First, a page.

Oliver Cotton
Oliver Cotton
© Dan Wooller for WhatsOnStage

I started out working with Laurence Olivier's company in small roles and then with the National Theatre Company, on and off, which were both great periods in my life. When I worked with Olivier I was very young and he was in his prime and I was awe-inspired. I used to watch him from the wings and wonder how he was doing what he was doing. It was a different period of history, really.

I've written more and more over the last 20 years, much of it has never been seen. Some of it is stuffed under the mattress, some is made with a writing partner – for TV and stuff like that – but there are some plays which haven't been produced because they just aren't very good. Some of it turns into other stuff later on. I have a couple of films I feel very strongly about but the money couldn't be raised and I have written a play on Bach [The Score] which had a reading at the Park [last month] and it went well but I need to do some more work on it, so I would like that to be done.

In the case of Dessert, Trevor Nunn, who I work with a lot, he read it and said he wanted to do it straight away, which was encouraging. It would be like if you wrote a classical piece of music and Simon Rattle said he wanted to conduct it, it is amazing. Trevor is very clever and experienced at pushing an actor in the right direction, and I love working with him.

I do like classical music. I play classical guitar and for five minutes I once had an ambition to be a classical guitarist. I went once a week to lessons for seven years, I think, but if you don't play every day... I'd have been a [American composer, conductor, and pianist] John Williams or a [English virtuoso classical guitarist] Julian Bream, that was more my area. I am very interested in classical guitars. I have two very good, expensive guitars, they are beautiful instruments. I want more, but my wife always screams at me, ‘you're not getting another guitar'.

Dessert is a thriller, in a way, and I am being evasive not because I want to be coy but because you wouldn't want to talk about the main events in a whodunnit but I can tell you it is set in a big country house, at a dinner party, with people catching up on their life and then... something happens.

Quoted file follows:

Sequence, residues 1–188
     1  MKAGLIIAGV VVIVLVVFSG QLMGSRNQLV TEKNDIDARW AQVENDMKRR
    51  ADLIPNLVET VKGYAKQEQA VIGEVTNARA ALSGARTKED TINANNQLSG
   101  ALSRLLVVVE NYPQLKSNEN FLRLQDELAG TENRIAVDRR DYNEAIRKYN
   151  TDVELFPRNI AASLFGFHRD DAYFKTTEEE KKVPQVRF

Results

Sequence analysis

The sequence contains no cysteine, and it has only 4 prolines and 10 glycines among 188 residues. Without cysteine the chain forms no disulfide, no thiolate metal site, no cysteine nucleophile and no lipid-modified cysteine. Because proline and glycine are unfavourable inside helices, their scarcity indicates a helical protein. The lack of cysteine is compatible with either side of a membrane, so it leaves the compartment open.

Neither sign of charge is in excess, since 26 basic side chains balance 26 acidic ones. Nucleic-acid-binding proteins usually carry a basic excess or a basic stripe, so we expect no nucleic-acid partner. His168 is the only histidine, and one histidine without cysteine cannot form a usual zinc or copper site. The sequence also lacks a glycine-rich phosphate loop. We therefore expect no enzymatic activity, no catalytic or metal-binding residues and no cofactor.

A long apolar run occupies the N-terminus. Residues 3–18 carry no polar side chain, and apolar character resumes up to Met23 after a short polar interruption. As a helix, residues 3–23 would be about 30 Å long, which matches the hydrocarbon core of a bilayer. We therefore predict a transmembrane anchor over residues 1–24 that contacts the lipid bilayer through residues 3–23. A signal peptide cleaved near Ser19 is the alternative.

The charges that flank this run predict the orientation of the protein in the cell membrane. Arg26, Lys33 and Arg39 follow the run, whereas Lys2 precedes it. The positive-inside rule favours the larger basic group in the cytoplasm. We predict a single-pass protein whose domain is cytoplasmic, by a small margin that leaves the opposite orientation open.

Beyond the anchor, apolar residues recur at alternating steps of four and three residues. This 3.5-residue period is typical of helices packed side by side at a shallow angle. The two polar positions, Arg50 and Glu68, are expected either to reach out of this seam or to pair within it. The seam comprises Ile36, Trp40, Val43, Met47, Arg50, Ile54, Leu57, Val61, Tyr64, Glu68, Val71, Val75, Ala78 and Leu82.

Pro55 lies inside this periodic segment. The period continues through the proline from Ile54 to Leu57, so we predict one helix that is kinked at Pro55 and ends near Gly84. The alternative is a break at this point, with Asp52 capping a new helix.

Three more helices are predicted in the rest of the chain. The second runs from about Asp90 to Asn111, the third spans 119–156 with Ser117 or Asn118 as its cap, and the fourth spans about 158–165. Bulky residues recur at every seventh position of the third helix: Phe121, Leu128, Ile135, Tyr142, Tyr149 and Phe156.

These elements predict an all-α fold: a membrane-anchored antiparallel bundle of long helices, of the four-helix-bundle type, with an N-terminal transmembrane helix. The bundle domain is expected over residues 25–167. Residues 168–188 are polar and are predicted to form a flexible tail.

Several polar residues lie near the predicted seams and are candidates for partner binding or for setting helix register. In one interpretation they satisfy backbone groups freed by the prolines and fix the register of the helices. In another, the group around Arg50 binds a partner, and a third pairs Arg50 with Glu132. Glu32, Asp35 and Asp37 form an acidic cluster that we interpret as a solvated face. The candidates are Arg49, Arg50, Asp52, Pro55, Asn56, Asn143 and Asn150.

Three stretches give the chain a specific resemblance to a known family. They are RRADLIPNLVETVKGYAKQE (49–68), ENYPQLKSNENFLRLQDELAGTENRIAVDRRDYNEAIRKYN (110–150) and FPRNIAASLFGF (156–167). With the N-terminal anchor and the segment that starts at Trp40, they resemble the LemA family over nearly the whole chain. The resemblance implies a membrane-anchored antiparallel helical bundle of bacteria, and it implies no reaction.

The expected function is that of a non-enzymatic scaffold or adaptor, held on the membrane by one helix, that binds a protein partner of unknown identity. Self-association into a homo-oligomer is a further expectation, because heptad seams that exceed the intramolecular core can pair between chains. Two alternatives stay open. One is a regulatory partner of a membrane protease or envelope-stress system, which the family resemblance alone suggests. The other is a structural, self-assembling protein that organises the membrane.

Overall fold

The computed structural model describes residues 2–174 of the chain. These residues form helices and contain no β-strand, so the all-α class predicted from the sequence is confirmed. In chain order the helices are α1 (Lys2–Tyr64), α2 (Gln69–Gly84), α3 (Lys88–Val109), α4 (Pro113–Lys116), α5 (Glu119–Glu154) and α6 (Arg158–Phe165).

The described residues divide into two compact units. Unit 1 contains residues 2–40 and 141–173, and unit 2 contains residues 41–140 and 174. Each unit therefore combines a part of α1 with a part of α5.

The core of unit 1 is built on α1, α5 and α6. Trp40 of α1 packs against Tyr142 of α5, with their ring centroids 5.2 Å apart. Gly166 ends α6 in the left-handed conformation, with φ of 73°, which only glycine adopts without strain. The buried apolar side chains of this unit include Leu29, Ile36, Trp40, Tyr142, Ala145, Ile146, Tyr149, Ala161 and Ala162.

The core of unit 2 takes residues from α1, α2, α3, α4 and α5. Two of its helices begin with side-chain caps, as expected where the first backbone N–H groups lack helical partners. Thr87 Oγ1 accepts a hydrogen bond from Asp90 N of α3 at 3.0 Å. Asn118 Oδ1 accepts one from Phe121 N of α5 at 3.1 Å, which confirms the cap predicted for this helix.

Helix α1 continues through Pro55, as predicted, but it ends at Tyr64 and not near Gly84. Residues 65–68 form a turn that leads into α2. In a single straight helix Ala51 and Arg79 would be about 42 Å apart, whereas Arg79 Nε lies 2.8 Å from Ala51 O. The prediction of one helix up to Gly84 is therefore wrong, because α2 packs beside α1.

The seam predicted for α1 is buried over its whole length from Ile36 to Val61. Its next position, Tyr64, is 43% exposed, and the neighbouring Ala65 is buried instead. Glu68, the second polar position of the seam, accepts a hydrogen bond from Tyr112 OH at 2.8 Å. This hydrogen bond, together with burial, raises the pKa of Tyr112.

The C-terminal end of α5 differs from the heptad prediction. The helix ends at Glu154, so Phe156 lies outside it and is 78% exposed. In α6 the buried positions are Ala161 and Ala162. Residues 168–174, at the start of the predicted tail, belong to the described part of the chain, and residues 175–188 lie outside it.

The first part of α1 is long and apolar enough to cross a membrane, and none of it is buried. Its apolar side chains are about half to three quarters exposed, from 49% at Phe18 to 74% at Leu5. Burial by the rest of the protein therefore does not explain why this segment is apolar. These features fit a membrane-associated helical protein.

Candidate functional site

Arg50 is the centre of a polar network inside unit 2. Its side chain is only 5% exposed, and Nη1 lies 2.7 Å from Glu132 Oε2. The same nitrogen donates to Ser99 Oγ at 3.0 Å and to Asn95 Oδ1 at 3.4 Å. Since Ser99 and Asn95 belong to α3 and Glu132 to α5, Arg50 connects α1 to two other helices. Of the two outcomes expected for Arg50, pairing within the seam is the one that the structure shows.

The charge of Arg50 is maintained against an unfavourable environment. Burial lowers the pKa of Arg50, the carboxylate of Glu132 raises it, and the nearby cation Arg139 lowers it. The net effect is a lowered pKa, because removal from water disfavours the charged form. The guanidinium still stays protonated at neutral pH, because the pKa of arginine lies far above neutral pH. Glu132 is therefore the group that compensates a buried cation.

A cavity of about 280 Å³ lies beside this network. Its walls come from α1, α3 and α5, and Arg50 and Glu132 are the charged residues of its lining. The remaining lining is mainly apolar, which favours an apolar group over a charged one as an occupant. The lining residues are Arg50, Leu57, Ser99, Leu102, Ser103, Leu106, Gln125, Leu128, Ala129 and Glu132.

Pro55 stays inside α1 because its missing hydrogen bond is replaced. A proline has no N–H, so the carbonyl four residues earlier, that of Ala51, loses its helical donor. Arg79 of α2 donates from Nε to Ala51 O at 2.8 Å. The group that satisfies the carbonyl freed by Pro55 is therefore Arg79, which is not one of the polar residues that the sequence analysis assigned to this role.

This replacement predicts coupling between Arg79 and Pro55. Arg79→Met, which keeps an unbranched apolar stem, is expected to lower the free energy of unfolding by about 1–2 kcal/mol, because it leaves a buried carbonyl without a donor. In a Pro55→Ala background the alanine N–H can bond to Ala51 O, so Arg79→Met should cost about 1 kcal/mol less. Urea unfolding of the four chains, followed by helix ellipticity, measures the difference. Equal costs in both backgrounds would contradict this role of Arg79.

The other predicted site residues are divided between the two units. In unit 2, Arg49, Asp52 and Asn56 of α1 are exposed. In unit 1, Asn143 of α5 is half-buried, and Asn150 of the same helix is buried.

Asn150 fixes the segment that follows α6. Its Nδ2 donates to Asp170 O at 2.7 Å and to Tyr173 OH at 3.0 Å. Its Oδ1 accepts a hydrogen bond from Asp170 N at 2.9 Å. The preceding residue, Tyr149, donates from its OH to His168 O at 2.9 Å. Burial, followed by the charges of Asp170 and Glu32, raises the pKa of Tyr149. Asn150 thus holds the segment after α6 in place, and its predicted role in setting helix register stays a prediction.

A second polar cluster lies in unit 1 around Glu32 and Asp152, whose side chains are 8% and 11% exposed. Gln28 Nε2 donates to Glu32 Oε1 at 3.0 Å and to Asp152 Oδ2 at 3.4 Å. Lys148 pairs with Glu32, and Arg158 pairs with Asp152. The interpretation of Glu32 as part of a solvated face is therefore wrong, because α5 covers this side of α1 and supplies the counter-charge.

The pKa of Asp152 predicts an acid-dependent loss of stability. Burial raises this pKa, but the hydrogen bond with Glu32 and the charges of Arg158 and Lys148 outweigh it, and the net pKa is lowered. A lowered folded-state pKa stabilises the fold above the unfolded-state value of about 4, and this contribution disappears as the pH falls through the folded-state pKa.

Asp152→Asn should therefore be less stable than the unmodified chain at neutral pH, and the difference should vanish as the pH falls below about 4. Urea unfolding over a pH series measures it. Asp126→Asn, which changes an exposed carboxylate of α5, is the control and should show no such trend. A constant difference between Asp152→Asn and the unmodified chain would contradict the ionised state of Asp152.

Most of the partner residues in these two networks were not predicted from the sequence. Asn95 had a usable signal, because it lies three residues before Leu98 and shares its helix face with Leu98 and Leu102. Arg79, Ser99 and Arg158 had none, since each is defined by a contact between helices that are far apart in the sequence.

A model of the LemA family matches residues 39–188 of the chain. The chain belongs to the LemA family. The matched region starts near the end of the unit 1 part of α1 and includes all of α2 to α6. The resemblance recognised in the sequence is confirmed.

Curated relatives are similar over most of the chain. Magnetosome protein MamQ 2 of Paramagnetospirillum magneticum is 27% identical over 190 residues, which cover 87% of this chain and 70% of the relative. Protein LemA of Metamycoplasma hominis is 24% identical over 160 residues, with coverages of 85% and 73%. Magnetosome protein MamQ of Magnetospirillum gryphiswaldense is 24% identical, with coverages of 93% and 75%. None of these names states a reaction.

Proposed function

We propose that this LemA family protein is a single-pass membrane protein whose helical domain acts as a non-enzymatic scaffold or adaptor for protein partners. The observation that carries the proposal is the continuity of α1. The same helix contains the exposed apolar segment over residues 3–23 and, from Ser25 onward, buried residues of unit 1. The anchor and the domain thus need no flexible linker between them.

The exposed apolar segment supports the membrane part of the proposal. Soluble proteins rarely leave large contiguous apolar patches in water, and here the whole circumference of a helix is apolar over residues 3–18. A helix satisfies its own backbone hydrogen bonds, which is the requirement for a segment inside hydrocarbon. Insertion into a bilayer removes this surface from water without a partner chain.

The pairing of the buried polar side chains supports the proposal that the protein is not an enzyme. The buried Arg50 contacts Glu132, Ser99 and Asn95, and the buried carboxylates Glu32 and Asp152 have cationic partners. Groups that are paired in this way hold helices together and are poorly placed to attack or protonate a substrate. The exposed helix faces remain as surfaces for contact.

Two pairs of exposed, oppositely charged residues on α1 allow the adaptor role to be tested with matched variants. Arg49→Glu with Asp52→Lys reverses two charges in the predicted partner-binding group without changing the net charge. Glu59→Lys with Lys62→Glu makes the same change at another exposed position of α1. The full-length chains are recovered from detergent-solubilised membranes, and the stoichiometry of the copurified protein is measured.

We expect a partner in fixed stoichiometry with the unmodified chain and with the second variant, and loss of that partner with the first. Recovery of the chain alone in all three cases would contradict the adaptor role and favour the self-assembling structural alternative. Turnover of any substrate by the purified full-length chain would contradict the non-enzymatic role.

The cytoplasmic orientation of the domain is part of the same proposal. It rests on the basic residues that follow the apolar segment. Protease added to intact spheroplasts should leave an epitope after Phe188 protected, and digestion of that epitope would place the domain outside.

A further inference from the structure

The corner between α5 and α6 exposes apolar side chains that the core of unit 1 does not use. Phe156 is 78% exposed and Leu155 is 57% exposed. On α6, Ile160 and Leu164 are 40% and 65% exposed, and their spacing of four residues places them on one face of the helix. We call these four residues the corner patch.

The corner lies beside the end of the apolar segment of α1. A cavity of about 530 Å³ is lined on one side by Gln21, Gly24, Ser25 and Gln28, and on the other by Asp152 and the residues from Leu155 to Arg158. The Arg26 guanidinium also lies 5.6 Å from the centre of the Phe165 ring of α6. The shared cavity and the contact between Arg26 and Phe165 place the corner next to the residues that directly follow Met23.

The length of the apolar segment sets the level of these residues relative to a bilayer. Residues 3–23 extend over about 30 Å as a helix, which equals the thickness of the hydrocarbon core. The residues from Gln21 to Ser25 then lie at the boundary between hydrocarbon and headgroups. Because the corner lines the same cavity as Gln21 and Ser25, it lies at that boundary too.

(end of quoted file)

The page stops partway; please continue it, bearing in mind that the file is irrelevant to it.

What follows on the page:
It is about modern life and my concerns about modern life. That is one of the underlying things. I believe communication has moved on so fast and things that would have taken weeks before you can do instantly now, so actually the way we speak to each other, the way we communicate and therefore leave other people behind is what technology always does, but that isn't what the play is about.

The play is about the growing gap between the vastly rich and extremely poor and why that gap continues to grow. Anyone who has tried to rent a flat or buy a house will realise most people's wages don't equate with the cost of living. So when you have something like the crash of 2008, you thought the stock exchange and business worked one way, then you realise people are bundling debt up and giving mortgages to people who won't be able to pay them. Society becomes a casino that only a few hundred people understand and everyone else is subject to what happens. But the play doesn't really go into that either. The play is extremely simple, actually.

This is not flannel, but the cast are truly the best cast I've ever worked with. We are very lucky to have Teresa Banham, Alexandra Gilbreath, Stephen Hagan, Stuart Milligan, Michael Simkins and Graham Turner, they are all phenomenal, all of them. I've got an incredible director and I'm hoping very much that people like it. It's funny as well.

We had our first preview last night. It seemed to go very well. These things are always a bit of a kick b*ll*cks scramble. I'm used to being on the other side, you see, and it's difficult just sitting there, watching.

Dessert runs at Southwark Playhouse from 18 July to 5 August, with previews from 12 July.